Using KUKA.SafeOperation with SICK Laser-Scanner

  • Hi everyone,


    We are currently planning the safety concept of a demo application. Therefor we want to use an open robot cell. For security reasons we want to use safety light curtains to secure the cell. Additional we want to use two 270° laser-scanner by SICK. The laser scanner should detect a person near the cell an reduce the speed oft the robot or stop it complete, when the person is too close. Our plan is to use the X11 interface of the KR C4 compact controller for the light curtains and emergency stops. But for the laser-scanner we aren't sure how to integrate these. Our idea was to use KUKA.SafeOperation. But here I wanted to ask if we need an safety plc or if we could connect the laser-scanner directly to the robot control. As scanner we want to use these: https://www.sick.com/at/en/opt…s3-acaz40pz1p01/p/p529644


    I hope someone could help us.

  • You would definitely need to use SafeOperation.


    I guess the basic steps would be something like:
    Make sure the robot and tools are covered with monitoring spheres, plus mastering and brake tests.
    Calculate speeds, stopping distances, etc.
    Set-up workspaces with monitored velocities, activated with the safe dual channel inputs from your floor scanner - sent via profisafe or wired to Safe Inputs via safety switching on SIB extended.


    You would also obviously need to make sure you monitor the space 'inside the cell', not just on the approach.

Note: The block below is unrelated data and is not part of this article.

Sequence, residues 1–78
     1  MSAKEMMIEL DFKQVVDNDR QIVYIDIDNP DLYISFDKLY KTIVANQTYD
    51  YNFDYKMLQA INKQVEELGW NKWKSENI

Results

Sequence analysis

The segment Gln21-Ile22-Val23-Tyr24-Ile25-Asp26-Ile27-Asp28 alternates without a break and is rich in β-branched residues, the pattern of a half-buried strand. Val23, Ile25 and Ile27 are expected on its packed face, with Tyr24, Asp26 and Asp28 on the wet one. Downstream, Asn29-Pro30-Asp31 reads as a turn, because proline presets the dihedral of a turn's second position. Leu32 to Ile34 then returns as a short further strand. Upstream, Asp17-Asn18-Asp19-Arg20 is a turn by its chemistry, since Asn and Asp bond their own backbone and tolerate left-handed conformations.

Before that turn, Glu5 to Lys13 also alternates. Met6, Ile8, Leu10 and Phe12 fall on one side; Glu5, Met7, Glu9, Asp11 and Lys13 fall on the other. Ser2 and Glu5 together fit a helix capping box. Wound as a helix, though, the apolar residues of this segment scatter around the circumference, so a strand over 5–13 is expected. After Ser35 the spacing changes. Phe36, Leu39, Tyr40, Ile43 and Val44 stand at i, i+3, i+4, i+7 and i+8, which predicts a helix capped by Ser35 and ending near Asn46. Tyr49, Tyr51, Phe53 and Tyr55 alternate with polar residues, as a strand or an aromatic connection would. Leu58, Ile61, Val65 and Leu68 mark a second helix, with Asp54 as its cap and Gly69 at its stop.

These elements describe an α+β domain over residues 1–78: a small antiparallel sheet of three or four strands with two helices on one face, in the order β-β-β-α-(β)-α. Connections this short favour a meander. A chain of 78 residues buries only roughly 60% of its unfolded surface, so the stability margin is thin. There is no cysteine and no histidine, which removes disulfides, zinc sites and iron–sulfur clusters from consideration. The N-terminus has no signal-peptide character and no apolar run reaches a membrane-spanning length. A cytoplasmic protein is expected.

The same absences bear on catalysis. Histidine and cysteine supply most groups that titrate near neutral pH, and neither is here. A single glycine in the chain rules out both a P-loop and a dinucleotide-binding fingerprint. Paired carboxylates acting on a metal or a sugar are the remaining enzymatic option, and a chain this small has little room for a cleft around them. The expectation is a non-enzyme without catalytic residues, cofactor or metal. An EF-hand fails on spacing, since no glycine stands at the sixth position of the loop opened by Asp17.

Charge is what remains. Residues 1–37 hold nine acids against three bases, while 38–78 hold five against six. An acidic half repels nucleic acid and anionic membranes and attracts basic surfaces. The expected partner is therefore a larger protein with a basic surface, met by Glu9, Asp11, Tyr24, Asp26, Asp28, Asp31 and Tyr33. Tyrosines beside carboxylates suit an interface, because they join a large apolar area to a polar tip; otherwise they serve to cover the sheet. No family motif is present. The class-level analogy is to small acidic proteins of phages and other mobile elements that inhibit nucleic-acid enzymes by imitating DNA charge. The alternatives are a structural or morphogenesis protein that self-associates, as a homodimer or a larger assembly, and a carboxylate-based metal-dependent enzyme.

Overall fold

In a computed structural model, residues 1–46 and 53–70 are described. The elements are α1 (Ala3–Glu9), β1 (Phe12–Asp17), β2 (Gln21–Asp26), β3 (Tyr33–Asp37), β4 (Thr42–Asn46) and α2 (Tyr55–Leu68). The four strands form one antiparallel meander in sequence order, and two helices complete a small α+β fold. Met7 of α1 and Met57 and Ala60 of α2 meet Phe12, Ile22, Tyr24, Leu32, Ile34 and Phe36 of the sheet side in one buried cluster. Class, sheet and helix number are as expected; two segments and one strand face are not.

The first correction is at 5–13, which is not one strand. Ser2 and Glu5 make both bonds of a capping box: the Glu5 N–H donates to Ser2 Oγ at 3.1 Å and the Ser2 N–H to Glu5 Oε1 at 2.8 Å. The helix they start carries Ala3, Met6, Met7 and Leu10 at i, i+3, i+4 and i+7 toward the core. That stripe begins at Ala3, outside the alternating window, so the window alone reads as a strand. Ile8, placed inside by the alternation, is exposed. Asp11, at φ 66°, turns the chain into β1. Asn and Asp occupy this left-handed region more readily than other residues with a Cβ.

• Going by the "interfaces" portion of that web page, this device cannot work with an X11 interface, only with ProfiSafe network safety. X11 can only be connected to relay-style "dry contacts". You would require an equivalent device with X11-compatible connections ("OSSD pairs"), or you would need to add ProfiNet to your robot. Or add a safety PLC with Profinet and safety relays to bridge the gap.


    X11, ProfiSafe, or other interface regardless, without SafeOperation, your safety setup is a blunt instrument -- effective, but simplistic. You will be, in effect, connecting your safety device(s) to a simple "kill switch" on the robot. The safety inputs labelled "Operator Safety" will only effect the robot in Automatic operation, while Move Enable and E-Stop will affect the robot in any mode. There is not really any fine-tuning available.


    With SafeOperation, you get more options, at the cost of more complexity. You can create "virtual fencelines" from safety zones, set up zone relationships where the robot simply slows down or stops rather than being "killed", and so on. Be aware that SafeOperation comes in at least two different versions ('basic' and 'deluxe') at different price points and with different numbers of options. Adding SafeOperation to an X11-based safety system requires adding hardware to the controller, while ProfiSafe can perform everything in software and is probably the easier, less expensive choice.

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